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Full-Text Articles in Law

Board Compliance, John Armour, Brandon Garrett, Jeffrey Gordon, Geeyoung Min Jan 2020

Board Compliance, John Armour, Brandon Garrett, Jeffrey Gordon, Geeyoung Min

Faculty Scholarship

What role do corporate boards play in compliance? Compliance programs are internal enforcement programs, whereby firms train, monitor and discipline employees with respect to applicable laws and regulations. Corporate enforcement and compliance failures could not be more high-profile, and have placed boards in the position of responding to systemic problems. Both case law on boards’ fiduciary duties and guidance from prosecutors suggest that the board should have a continuing role in overseeing compliance activity. Yet very little is actually known about the role of boards in compliance. This paper offers the first empirical account of public companies’ engagement with compliance ...


Designing Business Forms To Pursue Social Goals, Ofer Eldar Jan 2020

Designing Business Forms To Pursue Social Goals, Ofer Eldar

Faculty Scholarship

The long-standing debate about the purpose and role of business firms has recently regained momentum. Business firms face growing pressure to pursue social goals and benefit corporation statutes proliferate across many U.S. states. This trend is largely based on the idea that firms increase long-term shareholder value when they contribute (or appear to contribute) to society. Contrary to this trend, this Article argues that the pressing issue is whether policies to create social impact actually generate value for third-party beneficiaries—rather than for shareholders. Because it is difficult to measure social impact with precision, the design of legal forms ...


Private Equity's Governance Advantage: A Requiem, Elisabeth De Fontenay Jan 2019

Private Equity's Governance Advantage: A Requiem, Elisabeth De Fontenay

Faculty Scholarship

Private equity’s original purpose was to optimize companies’ governance and operations. Reuniting ownership and control in corporate America, the leveraged buyout (or the mere threat thereof) undoubtedly helped reform management practices in a broad swath of U.S. companies. Due to mounting competitive pressures, however, private equity is finding relatively fewer underperforming companies to fix. This is particularly true of U.S. public companies, which are continuously dogged by activist hedge funds and other empowered shareholders looking for any sign of slack.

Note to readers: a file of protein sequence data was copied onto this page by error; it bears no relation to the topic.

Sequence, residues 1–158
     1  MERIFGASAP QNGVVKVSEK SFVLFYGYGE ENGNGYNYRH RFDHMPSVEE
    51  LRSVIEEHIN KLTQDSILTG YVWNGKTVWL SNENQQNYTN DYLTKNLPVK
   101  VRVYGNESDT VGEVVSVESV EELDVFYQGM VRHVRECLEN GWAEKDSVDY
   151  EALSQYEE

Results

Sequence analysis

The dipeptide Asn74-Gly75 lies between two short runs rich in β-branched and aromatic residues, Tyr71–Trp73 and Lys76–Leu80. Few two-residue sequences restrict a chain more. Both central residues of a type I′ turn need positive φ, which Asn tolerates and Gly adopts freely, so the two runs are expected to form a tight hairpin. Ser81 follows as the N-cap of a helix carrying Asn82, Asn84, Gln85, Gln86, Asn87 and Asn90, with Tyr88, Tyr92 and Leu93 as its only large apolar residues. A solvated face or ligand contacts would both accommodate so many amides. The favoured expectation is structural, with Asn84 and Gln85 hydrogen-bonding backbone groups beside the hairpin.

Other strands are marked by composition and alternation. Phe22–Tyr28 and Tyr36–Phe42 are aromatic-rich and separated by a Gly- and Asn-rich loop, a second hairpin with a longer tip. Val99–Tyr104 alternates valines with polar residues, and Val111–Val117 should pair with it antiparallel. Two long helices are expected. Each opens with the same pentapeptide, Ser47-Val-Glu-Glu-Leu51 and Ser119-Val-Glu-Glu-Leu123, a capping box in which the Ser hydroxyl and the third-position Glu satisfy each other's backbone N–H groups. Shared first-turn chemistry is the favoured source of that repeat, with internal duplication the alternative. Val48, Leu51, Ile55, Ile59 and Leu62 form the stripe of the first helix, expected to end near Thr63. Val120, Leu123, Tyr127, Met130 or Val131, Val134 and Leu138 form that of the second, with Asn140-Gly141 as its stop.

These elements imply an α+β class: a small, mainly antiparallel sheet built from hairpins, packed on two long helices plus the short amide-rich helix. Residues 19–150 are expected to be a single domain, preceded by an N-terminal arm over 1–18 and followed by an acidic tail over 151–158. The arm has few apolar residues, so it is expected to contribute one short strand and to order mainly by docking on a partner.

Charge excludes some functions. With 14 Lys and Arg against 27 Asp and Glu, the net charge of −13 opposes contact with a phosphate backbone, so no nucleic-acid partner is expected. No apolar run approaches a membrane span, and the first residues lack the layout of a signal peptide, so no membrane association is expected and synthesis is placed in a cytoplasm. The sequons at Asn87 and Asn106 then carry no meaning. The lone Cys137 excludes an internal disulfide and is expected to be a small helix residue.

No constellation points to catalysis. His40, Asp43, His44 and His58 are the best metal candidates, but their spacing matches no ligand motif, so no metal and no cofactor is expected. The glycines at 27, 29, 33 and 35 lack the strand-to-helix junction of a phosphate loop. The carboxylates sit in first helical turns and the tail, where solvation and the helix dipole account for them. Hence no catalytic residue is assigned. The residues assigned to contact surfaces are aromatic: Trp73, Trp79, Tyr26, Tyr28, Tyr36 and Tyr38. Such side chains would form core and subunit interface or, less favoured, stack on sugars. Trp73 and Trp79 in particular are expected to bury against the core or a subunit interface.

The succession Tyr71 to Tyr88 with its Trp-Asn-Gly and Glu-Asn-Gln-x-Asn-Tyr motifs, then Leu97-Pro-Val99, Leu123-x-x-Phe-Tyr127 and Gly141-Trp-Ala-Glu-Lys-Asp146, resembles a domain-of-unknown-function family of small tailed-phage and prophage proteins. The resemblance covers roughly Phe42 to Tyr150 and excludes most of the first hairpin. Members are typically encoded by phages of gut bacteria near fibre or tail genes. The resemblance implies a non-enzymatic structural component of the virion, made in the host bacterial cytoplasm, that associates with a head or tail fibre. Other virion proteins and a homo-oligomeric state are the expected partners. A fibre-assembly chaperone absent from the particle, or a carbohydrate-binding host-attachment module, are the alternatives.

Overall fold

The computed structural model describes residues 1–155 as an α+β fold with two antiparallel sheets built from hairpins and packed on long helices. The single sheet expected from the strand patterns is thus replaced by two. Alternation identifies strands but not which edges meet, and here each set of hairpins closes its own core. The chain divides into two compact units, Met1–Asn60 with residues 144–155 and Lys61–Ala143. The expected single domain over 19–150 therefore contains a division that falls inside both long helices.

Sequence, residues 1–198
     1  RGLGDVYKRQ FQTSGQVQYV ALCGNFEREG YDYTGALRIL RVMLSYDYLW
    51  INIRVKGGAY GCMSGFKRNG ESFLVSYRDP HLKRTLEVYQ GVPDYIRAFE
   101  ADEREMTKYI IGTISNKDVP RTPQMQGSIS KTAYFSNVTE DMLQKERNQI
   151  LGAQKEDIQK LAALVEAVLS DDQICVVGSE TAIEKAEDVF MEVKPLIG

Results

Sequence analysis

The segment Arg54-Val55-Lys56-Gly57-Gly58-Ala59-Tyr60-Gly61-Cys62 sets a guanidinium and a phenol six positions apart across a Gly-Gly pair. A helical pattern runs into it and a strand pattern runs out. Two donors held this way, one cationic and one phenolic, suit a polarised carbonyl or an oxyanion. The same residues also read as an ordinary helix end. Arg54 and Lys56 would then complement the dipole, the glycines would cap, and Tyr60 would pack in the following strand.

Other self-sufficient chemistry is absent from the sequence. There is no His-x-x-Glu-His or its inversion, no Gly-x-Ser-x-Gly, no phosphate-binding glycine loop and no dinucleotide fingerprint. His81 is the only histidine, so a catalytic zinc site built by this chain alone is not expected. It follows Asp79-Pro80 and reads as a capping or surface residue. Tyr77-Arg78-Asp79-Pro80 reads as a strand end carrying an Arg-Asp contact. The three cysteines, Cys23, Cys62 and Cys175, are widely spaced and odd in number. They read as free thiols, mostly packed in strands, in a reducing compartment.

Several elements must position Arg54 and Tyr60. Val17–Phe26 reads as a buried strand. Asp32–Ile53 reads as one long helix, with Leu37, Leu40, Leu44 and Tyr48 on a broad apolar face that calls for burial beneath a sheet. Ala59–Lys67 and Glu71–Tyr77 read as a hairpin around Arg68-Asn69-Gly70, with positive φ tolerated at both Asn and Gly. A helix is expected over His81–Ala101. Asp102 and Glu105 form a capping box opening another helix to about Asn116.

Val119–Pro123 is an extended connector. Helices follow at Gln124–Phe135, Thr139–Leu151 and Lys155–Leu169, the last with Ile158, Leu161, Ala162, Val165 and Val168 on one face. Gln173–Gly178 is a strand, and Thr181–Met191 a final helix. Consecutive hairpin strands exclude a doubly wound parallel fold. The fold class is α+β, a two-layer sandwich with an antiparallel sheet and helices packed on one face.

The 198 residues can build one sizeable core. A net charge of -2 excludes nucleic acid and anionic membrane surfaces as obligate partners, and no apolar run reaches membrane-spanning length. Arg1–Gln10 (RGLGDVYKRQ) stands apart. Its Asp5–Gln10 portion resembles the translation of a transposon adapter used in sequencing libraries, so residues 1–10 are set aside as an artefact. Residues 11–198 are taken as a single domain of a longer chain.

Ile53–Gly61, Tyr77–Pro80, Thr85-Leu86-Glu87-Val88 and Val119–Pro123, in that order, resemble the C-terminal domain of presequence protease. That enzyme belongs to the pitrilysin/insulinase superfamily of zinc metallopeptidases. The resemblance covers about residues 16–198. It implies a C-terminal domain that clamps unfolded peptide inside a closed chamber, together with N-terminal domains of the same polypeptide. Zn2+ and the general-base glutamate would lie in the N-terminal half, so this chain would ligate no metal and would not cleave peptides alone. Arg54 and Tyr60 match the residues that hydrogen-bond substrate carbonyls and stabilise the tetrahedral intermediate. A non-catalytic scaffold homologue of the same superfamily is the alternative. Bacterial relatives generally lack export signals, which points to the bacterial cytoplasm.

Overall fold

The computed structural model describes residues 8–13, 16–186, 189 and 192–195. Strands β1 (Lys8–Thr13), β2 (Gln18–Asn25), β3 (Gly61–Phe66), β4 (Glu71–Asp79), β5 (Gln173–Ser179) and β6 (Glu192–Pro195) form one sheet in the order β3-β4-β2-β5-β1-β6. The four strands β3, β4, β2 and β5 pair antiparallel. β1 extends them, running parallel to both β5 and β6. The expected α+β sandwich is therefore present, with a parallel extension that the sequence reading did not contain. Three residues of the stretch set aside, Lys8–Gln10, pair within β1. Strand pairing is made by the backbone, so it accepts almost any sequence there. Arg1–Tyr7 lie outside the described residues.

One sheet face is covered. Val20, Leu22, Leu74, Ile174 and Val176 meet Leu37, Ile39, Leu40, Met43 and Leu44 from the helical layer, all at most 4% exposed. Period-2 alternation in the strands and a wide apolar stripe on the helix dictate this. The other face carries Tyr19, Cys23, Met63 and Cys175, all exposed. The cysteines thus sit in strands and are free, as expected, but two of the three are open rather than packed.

In response, private equity is shifting its center of gravity away from governance reform, towards a dizzying ...


Revolving Elites: The Unexplored Risk Of Capturing The Sec, James D. Cox, Randall S. Thomas Jan 2019

Revolving Elites: The Unexplored Risk Of Capturing The Sec, James D. Cox, Randall S. Thomas

Faculty Scholarship

Fears have abounded for years that the sweet spot for capture of regulatory agencies is the "revolving door" whereby civil servants migrate from their roles as regulators to private industry. Recent scholarship on this topic has examined whether America's watchdog for securities markets, the Securities and Exchange Commission (SEC), is hobbled by the long-standing practices of its enforcement staff exiting their jobs at the Commission and migrating to lucrative private sector employment where they represent those they once regulated. The research to date has been inconclusive on whether staff revolving door practices have weakened the SEC' s verve. In ...


The Enduring Distinction Between Business Entities And Security Interests, Ofer Eldar, Andrew Verstein Jan 2019

The Enduring Distinction Between Business Entities And Security Interests, Ofer Eldar, Andrew Verstein

Faculty Scholarship

What are business entities for? What are security interests for? The prevailing answer in legal scholarship is that both bodies of law exist to partition assets for the benefit of designated creditors. But if both bodies of law partition assets, then what distinguishes them? In fact, these bodies of law appear to be converging as increasing flexibility irons out any differences. Indeed, many legal products, such as securitization vehicles, insurance products known as captive insurance, and mutual funds, employ entities to create distinct asset pools. Moreover, recent legal innovations, such as “protected cells,” which were created to facilitate such products ...


Criminally Bad Management, Samuel W. Buell Jan 2018

Criminally Bad Management, Samuel W. Buell

Faculty Scholarship

Because of their leverage over employees, corporate managers are prime targets for incentives to control corporate crime, even when managers do not themselves commit crimes. Moreover, the collective actions of corporate management — producing what is sometimes referred to as corporate culture — can be the cause of corporate crime, not just a locus of the failure to control it. Because civil liability and private compensation arrangements have limited effects on management behavior — and because the problem is, after all, crime — criminal law is often expected to intervene. This handbook chapter offers a functional explanation for corporate criminal liability: individual criminal liability ...